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Eco-Swimming With Sunyer

Courtesy of Miquel Sunyer, Costa Brava, Spain.

When people ask me whether I’ve come across large cetaceans or predators during my swims, my answer is that I have mainly encountered suspended plastic waste and floating rubbish. This sad fact has awakened my awareness of the need to start up the Eco-Swimming movement,” says Miquel Sunyer, co-founder of Vies Braves, an open water public network of marine itineraries located along Costa Brava in Spain.

Virtually half the plastic ever manufactured has been made in the past 15 years. About 8 million tons of this material reach our seas and oceans every year. It’s unclear how long it will take for that plastic to completely biodegrade into its constituent molecules. Estimates range from 450 years to never.”

Sunyer defines Eco-Swimming or ecological swimming as recreational swimming or snorkeling in open bodies of water while collecting rubbish from the seabed along the swim course. “This mode of non-competitive swimming is usually done in shallow water along the coastline. Due to the physical and logistical limitations of open water swimmers – without self-contained breathing apparatus and with just a watertight buoy to carry what you find – it isn’t always possible for swimmers to pick up all the rubbish they find during a sea swim.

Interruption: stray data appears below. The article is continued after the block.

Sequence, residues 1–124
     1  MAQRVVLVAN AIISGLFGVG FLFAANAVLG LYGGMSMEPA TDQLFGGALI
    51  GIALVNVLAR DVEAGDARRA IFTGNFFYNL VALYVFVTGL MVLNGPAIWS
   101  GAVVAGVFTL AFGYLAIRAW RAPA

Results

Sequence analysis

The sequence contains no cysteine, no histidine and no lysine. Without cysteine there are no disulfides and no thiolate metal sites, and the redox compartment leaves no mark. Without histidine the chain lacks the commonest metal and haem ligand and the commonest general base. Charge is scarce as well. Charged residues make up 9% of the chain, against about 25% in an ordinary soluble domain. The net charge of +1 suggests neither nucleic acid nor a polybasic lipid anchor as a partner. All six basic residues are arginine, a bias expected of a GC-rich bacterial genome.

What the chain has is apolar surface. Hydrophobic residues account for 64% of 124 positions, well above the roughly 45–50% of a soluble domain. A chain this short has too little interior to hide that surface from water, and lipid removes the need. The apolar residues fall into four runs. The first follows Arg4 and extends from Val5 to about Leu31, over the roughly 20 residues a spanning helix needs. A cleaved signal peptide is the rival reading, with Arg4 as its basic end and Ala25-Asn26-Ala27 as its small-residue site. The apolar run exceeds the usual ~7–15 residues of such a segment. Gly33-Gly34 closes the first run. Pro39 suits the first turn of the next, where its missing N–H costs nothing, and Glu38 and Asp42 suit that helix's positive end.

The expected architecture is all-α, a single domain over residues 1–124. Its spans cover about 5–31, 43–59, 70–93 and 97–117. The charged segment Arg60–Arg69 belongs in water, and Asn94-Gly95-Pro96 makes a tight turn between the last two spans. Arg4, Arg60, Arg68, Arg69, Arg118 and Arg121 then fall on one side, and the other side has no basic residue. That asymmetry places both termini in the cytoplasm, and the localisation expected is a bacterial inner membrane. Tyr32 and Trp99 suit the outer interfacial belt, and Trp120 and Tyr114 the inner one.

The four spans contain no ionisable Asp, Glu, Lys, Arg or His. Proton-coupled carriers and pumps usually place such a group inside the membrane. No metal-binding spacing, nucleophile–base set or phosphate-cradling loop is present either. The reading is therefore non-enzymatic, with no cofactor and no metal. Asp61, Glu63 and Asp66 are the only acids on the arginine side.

The philosophy behind this movement consists of doing everything in our power as individuals to make it normal to pick up any waste we find on the seabed or floating on the surface and remove it from the sea, and trying to encourage other people, including bathers, to turn this action into a daily habit.”

Sunyer envisions the underlying concept of Eco-Swimming is to inspire others, get friends involved, and encourage community leaders to tackle social and environmental problems to help society build a sustainable lifestyle. “Eco-Swimming or ecological swimming follows the same philosophy and values as Eco-Running or Plogging, founded by Samuel Huber, which consists of recreational running whilst picking up rubbish you find along the way.”

Sunyer recommends swimming with a safety buoy or net bag that allows swimmers to transport waste they find.

Additional details and Sunyer’s other recommendations are posted here.

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